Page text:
<strong>Source</strong>: Pediatrics <strong>Gist</strong>: “This updated policy statement provides further evidence that media—both foreground and background—have potentially negative effects and no known positive effects for children younger than 2 years. Thus, the AAP reaffirms its recommendation to discourage media use in this age group. This statement also discourages the use of background television intended for adults when a young child is in the room.”

  • October 2011: Zero to Eight: Children's Media Use in America

    <strong>Source</strong>: Common Sense Media <strong>Gist</strong>: "Nine-month-olds spend nearly an hour a day watching television or DVDs, 5-year-olds are begging to play with their parents’ iPhones, and 7-year-olds are sitting down in front of a computer several times a week to play games, do homework, or check out how their avatars are doing in their favorite virtual worlds. Television is still as popular as ever, but reading may be beginning to trend downward. Having an accurate understanding of the role of media in children’s lives is essential for all of those concerned about promoting healthy child development: parents, educators, pediatricians, public health advocates, and policymakers, to name just a few."

  • July 2011: Cell Phone Study ‘Misleading’: Children May Still Be At Increased Cancer Risk, Experts Say

    <strong>Source</strong>: The Huffington Post <strong>Gist</strong>: “[E]xperts have some serious concerns regarding the methods and conclusions of the first study evaluating the connection between cell phone radiation and brain cancer in children and teens. Not only was the study flawed, they note, but it was also financially supported by the cell phone industry.”

  • October 2010: Children's Screen Viewing Is Related to Psychological Difficulties Irrespective of Physical Activity

    <strong>Source</strong>: Pediatrics <strong>Gist</strong>: “This study found that greater television and computer use was related to greater psychological difficulties, independent of gender, age, level of deprivation, pubertal status, and objectively measured physical activity and sedentary time.”

  • July 2010: Television and Video Game Exposure and the Development of Attention Problems

    <strong>Source</strong>: Pediatrics <strong>Gist</strong>: "Viewing television and playing video games each are associated with increased subsequent attention problems in childhood. It seems that a similar association among television, video games, and attention problems exists in late adolescence and early adulthood."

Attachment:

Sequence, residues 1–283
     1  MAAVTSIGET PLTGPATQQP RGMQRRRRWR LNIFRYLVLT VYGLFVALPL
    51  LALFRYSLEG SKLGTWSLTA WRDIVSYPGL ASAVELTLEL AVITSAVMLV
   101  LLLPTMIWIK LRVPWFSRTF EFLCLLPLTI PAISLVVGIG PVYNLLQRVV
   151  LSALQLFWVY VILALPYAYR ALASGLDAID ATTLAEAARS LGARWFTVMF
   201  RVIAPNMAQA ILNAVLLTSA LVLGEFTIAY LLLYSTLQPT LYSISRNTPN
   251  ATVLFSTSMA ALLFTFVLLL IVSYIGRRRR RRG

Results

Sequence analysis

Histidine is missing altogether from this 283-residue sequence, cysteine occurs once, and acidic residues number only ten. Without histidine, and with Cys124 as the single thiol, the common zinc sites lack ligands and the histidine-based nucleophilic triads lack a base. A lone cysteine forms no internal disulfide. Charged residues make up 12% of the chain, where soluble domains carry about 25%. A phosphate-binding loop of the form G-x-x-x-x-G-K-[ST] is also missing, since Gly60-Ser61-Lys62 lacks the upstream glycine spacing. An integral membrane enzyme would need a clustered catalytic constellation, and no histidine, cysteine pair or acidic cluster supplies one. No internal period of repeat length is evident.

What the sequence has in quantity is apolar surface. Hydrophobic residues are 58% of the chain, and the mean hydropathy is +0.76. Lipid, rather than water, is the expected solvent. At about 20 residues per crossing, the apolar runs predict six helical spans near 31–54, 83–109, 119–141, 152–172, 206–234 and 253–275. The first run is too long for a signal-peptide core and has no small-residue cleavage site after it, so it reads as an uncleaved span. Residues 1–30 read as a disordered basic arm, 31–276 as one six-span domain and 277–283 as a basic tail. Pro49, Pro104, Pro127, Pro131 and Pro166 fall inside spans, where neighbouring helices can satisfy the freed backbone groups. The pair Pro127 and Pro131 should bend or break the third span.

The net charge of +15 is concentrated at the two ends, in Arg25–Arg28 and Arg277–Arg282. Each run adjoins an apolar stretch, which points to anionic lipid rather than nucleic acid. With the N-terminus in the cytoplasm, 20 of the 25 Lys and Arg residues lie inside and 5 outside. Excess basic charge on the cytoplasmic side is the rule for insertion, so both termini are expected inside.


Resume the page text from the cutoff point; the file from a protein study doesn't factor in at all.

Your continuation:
• April 2010: Teens, Cell Phones and Texting: Text Messaging Becomes Centerpiece Communication

    <strong>Source</strong>: Pew Research Center <strong>Gist</strong>: “Fully two-thirds of teen texters say they are more likely to use their cell phones to text their friends than talk to them to them by cell phone.”

  • January 2010: Generation M2: Media in the Lives of 8- to 18-Year-Olds

    <strong>Source</strong>: Kaiser Family Foundation <strong>Gist</strong>: “Today, 8-18 year-olds devote an average of 7 hours and 38 minutes (7:38) to using entertainment media across a typical day (more than 53 hours a week). And because they spend so much of that time ‘media multitasking’ (using more than one medium at a time), they actually manage to pack a total of 10 hours and 45 minutes (10:45) worth of media content into those 7½ hours.”

Reassurance. Sympathy. Someone to "talk" to, as often as you wish and at all hours of day and night. Connections with those with common interests and common challenges. A form of public anonymity. Control over how you are perceived. A large virtual audience giving a sense of importance that may not exist in reality. All potential benefits of Twitter that may offer psychological comfort, but is the tradeoff of creating a public record of struggle and potential for damaging feedback worth it?

As I was contemplating Twitter as informal therapy for a younger generation, I scrolled across a tweet that made me smile with its wise advice.

"Go to the psychologist because Twitter won't solve your problems..."
2 retweets
15 favorites

And almost immediately afterward I saw this one that also made sense.

"Sometimes you just need someone to listen"
1763 retweets
333 favorites

By Ann Moore, author of Girl Reinvented

The Purple Fig is a community where women share personal and relatable stories; no ego, no shame. We're about life, love and all of the stuff that makes us yearn, squirm, and giggle. These stories make up the authentic and intriguing journey of a woman.